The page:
Structure-Function Relationship of Lipid A in Campylobacter Rectus Campylobacter rectus is a grarn-negative, anaerobic, oxidase-positive, motile rod-shaped bacterium which has been implicated as a potential pathogen of chronic adult periodontitis and periodontal disease of immunosuppressed patients such as those suffering from diabetes mellitus, AIDS, and Crohn's disease. Lipopolysaccharide (LPS), a cell wall component of gram-negative bacteria, is a virulence factor in those bacteria associated with periodontal disease as it is able to penetrate gingival epithelial tissue and stimulate bone resorptive activity. Furthermore, it has been established that the endotoxic properties of LPS are mediated by their lipid A component. Chemical and biological characterization studies have shown that lipid A, at 37.2% of the dry weight, is the single most abundant component of LPS in C. rectus. We hypothesize that the lipid A and its associated core oligosaccharide may be important in the elicitation of prostoglandins observed in the host upon infection with C. rectus. It is the intent of this project to determine the structure of the lipid A in C. rectus in order to provide insight into relationships between its chemical structure and biological functions. To achieve this goal, batch cultures of C. rectus were grown in mycoplasma-formate-fumarate broth, and the LPS isolated using a cold MgC12-ethanol precipitation. From 1.85 g of cells (dry weight), 160.7 mg of LPS was recovered; a yield of 8.7%. Thepresence of LPS was verified by sodium dodecyl sulfate polyacrylamide gel electrophoresis (SDS-PAGE). C. rectus LPS banding patterns, typical of those established by Gillespie, et. al. (I & I, 1988), were observed when the gels were stained with Coomassie blue and silver stain. A Coomassie blue protein assay using bovine serum albumin (BSA) standards revealed no significant protein within the LPS sample, while UV spectrometry at A260-280 determined no nucleic acid contamination. Following a Bligh-Dyer extraction using a solution of chloroform: methanol (2:1), thin layer chromatography revealed LPS sample free of phospholipids. 2-keto-3-deoxyoctonate (KDO), a sugar unique to LPS, was quantified by a colorimetric assay at A548, and found to be present at 0.45% of the dr weight of LPS. In subsequent procedures, lipid A will be extracted by hydrolysis of LPS with 1% (volvol) acetic acid and the structure elicited by 13C- and 31P-NMR. The structure of the lipid A component of C. rectus resulting from this study will provide insight into relationships between the structure and endotoxic functions. Results will also have taxonomic relevance to establish if this species shows homology with the unique features of the lipid A structure described in Campylobacter jejuni.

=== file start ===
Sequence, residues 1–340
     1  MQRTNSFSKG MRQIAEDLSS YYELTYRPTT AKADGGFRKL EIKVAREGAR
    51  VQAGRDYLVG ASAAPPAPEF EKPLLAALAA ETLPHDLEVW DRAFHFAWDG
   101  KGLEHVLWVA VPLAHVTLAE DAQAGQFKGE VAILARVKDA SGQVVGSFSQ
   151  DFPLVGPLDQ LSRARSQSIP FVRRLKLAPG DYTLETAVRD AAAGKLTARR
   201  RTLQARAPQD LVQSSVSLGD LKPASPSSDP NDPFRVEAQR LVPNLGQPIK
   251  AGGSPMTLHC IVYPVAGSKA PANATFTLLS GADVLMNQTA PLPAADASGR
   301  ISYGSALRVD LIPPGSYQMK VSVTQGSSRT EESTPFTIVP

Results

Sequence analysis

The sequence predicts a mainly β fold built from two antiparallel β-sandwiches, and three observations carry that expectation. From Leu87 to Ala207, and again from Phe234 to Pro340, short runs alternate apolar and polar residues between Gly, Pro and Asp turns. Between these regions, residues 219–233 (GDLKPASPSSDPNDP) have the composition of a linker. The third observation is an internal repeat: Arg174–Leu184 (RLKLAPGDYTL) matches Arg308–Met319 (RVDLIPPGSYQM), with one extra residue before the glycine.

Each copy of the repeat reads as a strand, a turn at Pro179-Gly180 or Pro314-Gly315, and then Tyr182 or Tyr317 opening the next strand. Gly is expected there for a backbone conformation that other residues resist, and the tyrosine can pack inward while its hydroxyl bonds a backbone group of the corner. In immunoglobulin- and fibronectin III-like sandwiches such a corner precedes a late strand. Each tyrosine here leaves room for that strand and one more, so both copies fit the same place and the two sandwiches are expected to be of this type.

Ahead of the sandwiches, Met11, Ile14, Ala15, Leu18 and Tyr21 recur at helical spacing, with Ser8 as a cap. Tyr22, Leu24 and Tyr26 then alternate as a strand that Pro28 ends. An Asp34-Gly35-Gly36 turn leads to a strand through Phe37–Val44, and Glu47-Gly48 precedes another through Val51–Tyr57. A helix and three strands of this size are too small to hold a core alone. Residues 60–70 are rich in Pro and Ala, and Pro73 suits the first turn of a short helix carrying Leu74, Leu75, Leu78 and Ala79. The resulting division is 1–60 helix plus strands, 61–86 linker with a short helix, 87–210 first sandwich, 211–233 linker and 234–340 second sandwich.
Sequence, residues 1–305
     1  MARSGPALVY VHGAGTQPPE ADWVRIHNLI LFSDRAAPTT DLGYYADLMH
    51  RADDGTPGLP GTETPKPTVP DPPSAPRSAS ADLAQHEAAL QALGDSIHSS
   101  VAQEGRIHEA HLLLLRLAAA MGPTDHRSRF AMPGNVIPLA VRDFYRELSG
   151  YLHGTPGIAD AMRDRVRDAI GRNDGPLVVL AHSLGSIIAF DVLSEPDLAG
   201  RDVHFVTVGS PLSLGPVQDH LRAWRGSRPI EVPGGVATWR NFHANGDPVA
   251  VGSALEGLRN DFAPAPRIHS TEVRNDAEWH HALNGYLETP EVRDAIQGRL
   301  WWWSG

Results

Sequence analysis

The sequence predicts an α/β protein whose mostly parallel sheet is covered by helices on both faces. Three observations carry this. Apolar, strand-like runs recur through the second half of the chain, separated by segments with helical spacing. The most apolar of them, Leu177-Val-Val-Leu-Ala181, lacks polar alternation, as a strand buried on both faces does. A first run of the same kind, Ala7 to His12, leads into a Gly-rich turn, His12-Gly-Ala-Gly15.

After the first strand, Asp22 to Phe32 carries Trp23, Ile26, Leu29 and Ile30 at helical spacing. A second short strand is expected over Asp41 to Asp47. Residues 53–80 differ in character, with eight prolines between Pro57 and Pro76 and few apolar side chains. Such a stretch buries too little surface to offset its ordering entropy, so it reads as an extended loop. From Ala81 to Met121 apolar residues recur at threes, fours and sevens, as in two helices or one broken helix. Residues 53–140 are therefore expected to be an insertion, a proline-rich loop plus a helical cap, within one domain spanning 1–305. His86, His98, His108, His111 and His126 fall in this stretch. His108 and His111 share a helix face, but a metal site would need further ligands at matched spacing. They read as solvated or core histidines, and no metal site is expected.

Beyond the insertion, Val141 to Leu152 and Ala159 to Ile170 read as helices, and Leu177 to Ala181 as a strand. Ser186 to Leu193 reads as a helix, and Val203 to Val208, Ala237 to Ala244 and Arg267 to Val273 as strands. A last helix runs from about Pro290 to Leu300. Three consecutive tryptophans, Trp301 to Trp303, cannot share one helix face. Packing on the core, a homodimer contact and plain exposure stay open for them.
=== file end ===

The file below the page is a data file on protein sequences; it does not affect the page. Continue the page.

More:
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National Institute of Dental & Craniofacial Research (NIDCR)
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State University of New York at Buffalo
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